Car / Powertrain
0-100kmph in seconds
Honda City Diesel MT
Honda City Petrol CVT
Hyundai Creta Diesel MT
Hyundai Creta Petrol DCT
Even in a Shimla-apples to Kashmiri-apples comparison, the Creta is clearly the winner here. The more powerful engines give it a slight lead in the diesel drag race, and a massive 3.33 second lead when it comes to the petrol-automatics.
3. Ride Quality
The concept of this test is simple. Both cars would be driven at the same speed over the same surface. The front passenger will then play a scientific game of joining the dots. The cleaner drawing of the dolphin wins. However, immediately there was one challenge. The front lip of the Honda City is quite low, which meant we had to pick a broken path which wasn't too cruel. And also keep the test speed limited to 30kmph, or the City would start ploughing the surface like a farmer.
The Honda City has a more cushioning ride quality. It manages to absorb the bumps better and isolate the occupants from the road’s surface. Even at 30kmph on the bad surface, the City managed to keep the movement in the cabin under control and did not let the harshness of the bumps impact the drawing too much. It did bottom out on the level changes and there was the occasional scraper of the front lip, but nothing serious. As a result, the drawing managed to look like a dolphin at the end of the test.
The Hyundai Creta has a longer suspension travel and a higher ground clearance. This means it won't bottom out that easily and could go much faster. But because the speeds were locked at 30kmph, the test was done there. As the drive starts, the first thing you notice is how much more the cabin moves around. The higher centre of gravity and the longer suspension travel means you get thrown around side to side more. And this has a big impact on the drawing. At places, the marker decided to follow its own destiny and not be in control. As a result, the dolphin looked more crooked this time. Like the poor thing had been hit by cosmic radiation in a superhero movie.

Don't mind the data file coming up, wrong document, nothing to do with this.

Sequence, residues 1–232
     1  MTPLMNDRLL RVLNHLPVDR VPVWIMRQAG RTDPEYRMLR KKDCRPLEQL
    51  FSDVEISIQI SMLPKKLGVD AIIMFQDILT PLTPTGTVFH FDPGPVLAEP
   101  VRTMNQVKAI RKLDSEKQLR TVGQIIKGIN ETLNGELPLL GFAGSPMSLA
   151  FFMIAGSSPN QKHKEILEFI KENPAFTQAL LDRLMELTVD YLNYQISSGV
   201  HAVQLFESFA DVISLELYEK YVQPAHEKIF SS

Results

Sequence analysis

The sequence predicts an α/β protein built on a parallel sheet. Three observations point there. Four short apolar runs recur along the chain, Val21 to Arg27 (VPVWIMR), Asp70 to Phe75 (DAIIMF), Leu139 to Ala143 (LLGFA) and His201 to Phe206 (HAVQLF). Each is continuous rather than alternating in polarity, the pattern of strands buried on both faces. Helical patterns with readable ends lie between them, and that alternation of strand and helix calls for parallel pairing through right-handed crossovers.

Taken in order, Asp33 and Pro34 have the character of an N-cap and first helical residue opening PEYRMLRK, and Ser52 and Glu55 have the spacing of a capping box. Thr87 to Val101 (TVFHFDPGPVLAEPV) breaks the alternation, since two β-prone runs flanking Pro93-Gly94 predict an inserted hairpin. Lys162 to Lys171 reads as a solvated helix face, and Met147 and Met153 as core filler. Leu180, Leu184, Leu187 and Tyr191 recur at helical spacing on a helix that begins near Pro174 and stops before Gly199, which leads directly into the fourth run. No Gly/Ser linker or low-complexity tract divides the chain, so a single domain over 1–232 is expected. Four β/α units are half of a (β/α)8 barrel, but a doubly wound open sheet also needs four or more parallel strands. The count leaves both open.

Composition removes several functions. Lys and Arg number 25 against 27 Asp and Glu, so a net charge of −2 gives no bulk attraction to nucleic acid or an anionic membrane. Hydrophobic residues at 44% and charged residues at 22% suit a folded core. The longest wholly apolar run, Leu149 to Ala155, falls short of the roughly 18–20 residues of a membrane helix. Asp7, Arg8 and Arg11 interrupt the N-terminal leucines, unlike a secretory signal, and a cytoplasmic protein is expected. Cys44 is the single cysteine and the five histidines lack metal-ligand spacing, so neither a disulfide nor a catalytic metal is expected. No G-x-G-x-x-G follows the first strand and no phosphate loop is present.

In this test, the Honda City did come out a winner. It may not have the added ground clearance or suspension travel but the low stance gives it an advantage as compared to body roll. But in the real world, while you will have to mind your speeds in the City, the Creta could go much faster over the bad stull and offer you a lot more freedom in your explorations.
We set out to find whether the statement ‘SUVs nowadays drive more car-like’ stands true in the case of the Hyundai Creta and the Honda City. Well, not quite. In a straight line, the Creta might have the edge in acceleration and braking because of the more powerful engines and fatter tyres. However, the comparisons tips in favour of the City the moment you start talking about handling and comfort.
In the cornering test, the low centre of gravity of the City really shines and keeps it in check at speeds we would not even try in the Creta. In terms of comfort, it's the City that offers a more plush and sophisticated ride despite it having less suspension travel. Yes, you do have more freedom with the Creta but the City still offers a more comfortable ride experience.
The craze for SUVs is justified. However, team sedan isn't giving up without a fight. Don't write them off just yet. If roads don't resemble the lunar surface, they're still a whole lot more fun.
Save Up To Rs 1.5 Lakh On Hyundai Cars
Hyundai To Have N-branded Electric Vehicles In The Future
COVID-19 Update: Maruti Suzuki To Temporarily Halt Production To Help...
Kia Seltos vs MG Hector Petrol Automatic: Comparison Review
Kia Seltos vs MG Hector: Real World Hands-On Comparison
2019 Kia Seltos First Drive Review
2019 Kia Seltos (Prototype) First Drive Review
Hyundai Venue iMT: First Drive Review
2019 Hyundai Venue: Road Test Review
Hyundai Venue vs Renault Duster: Petrol Automatic Comparison Review
India's largest automotive community